Covid takes toll on China’s aluminum imports – Reuters

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The decline comes as the country’s pandemic-hit economy reduces demand for the metal

China’s aluminum imports saw a drastic decline of 35.7% in November versus the same period a year ago, Reuters reported on Sunday, citing data from the General Administration of Customs.

The decline is reportedly attributable to mounting domestic supply along with stagnating demand for the light metal amid Covid-related restrictions.

The nation brought in 255,744 tons, including primary metal and unwrought, alloyed aluminum. Total imports in the first 11 months of the current year were 2.13 million tons, down 28.2% from the same period a year ago.

Meanwhile, imports of bauxite, the main source of aluminum ore, came in at 11.79 million tons in November, up 31.3% from October’s 8.98 million tons and up 53.6% from 7.7 million tons in November 2022.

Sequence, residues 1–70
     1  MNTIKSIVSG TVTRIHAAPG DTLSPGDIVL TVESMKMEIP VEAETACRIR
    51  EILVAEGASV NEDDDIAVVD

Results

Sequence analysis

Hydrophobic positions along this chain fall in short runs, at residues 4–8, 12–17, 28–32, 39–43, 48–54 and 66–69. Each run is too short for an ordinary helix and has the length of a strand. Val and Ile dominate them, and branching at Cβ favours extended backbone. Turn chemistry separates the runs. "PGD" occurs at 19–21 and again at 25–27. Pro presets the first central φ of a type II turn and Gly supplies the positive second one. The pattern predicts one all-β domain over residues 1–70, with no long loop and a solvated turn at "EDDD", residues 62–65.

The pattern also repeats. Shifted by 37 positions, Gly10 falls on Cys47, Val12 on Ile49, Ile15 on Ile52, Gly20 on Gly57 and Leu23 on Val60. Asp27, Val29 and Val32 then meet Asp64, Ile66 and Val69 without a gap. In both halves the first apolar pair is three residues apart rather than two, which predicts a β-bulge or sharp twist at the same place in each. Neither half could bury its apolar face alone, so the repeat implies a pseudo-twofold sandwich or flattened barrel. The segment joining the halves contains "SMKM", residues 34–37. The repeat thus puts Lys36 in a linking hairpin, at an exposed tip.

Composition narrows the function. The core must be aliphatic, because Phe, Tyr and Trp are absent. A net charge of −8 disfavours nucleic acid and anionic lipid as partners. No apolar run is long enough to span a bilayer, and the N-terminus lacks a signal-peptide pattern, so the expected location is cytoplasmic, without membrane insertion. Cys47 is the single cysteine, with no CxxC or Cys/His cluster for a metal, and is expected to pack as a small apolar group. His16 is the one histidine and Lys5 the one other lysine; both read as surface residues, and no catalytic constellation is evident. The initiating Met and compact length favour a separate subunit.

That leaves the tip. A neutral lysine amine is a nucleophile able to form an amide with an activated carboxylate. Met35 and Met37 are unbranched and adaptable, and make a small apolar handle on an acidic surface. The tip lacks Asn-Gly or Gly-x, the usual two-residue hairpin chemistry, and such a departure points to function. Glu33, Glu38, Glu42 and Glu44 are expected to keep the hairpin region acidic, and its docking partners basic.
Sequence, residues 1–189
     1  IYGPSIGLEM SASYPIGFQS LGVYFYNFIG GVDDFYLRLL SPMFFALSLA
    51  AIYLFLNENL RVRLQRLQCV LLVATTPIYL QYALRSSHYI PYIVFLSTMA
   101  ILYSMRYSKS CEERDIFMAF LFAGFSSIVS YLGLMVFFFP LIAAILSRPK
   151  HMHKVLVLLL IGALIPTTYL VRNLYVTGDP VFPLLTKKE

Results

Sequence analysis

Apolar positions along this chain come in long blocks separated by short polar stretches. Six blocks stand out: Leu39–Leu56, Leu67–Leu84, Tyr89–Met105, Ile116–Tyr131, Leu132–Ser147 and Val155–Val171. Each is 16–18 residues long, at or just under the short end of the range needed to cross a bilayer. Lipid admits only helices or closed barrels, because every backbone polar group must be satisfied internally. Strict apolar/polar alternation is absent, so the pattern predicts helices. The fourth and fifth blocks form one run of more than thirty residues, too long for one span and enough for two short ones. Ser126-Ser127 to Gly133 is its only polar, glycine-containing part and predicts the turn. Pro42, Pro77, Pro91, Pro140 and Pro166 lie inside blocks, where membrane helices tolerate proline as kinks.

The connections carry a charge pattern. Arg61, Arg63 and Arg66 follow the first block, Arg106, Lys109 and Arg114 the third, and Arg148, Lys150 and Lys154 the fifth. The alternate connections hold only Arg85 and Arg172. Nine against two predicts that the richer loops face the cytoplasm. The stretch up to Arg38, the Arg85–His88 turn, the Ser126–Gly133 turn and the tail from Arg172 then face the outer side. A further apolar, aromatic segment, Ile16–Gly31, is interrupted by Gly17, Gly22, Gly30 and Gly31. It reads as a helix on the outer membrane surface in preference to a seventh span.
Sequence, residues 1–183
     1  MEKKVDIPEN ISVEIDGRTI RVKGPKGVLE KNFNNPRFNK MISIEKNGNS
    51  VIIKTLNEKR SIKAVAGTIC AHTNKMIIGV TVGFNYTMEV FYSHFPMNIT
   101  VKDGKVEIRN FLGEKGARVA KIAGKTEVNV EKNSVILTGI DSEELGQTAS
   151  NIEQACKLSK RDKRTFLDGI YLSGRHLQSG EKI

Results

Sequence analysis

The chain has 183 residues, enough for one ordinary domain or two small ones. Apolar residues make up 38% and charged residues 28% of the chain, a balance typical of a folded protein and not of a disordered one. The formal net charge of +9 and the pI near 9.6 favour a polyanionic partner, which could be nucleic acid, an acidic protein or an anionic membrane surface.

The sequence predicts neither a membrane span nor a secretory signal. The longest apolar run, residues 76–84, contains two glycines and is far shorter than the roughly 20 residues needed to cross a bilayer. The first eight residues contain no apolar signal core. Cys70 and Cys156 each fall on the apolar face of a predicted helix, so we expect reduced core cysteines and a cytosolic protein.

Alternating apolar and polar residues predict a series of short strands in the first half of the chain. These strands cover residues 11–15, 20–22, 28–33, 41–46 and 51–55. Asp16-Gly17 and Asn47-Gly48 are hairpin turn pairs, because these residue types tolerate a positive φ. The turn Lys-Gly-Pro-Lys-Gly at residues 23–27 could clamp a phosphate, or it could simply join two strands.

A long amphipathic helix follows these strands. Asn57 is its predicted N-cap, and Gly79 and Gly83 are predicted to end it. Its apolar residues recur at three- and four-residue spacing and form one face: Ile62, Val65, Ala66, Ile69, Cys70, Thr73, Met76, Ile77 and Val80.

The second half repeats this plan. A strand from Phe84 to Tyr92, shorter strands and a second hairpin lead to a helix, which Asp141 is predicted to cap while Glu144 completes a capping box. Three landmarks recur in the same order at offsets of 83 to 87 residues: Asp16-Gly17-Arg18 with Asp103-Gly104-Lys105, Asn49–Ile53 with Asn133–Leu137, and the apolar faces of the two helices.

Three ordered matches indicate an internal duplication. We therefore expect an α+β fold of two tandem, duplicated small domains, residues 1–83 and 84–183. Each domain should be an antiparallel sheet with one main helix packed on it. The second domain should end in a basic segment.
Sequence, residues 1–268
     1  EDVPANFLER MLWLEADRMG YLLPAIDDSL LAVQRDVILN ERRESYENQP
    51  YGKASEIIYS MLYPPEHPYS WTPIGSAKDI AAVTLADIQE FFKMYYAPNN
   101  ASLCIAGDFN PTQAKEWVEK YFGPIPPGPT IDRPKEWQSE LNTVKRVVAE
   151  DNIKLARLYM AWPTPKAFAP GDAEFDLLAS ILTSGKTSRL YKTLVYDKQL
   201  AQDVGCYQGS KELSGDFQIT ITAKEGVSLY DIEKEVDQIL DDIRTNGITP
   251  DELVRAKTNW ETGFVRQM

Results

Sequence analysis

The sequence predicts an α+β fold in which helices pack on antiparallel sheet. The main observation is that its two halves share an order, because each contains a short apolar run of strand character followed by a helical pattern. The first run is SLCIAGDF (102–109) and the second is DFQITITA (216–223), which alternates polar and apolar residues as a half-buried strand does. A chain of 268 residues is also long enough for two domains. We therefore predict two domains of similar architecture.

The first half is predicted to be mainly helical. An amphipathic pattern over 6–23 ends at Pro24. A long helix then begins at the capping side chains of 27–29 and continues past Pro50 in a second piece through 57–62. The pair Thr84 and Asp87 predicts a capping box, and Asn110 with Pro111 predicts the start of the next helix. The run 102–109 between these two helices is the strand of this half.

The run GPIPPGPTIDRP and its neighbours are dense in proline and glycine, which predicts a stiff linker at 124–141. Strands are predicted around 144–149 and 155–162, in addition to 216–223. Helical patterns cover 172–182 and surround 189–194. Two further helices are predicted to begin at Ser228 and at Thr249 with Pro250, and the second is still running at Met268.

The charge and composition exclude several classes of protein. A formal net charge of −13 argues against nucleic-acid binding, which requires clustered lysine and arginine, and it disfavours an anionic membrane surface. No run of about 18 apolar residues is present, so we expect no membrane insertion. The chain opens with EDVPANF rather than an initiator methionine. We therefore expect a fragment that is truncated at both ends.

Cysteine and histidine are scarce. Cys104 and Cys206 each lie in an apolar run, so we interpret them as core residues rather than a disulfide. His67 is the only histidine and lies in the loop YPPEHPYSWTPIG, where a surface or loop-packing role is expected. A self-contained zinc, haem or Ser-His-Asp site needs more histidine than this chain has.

The latest November output numbers demonstrated a ninth consecutive increase to 3.41 million tons as Chinese smelters boosted production following an easing of power restrictions on industrial users this year.

China, the world’s top aluminum producer, manufactured 36.77 million tons in the first 11 months of the current year, marking a 3.9% surge compared to the corresponding period in 2021.

Weakening demand for the metal has mainly been attributed to a slowdown in the transportation, construction and packaging sectors. However, signs of easing Covid-related restrictions and the state’s latest attempts to revive the troubled property sector have recently brightened the demand outlook for industrial metals. This was reflected in a price rise recorded in November.

The most-traded aluminum on the Shanghai Futures Exchange averaged at 18,845 yuan ($2,703.42) per ton, up from 17,755 yuan per ton in the previous month, when it dropped to a 19-month low.

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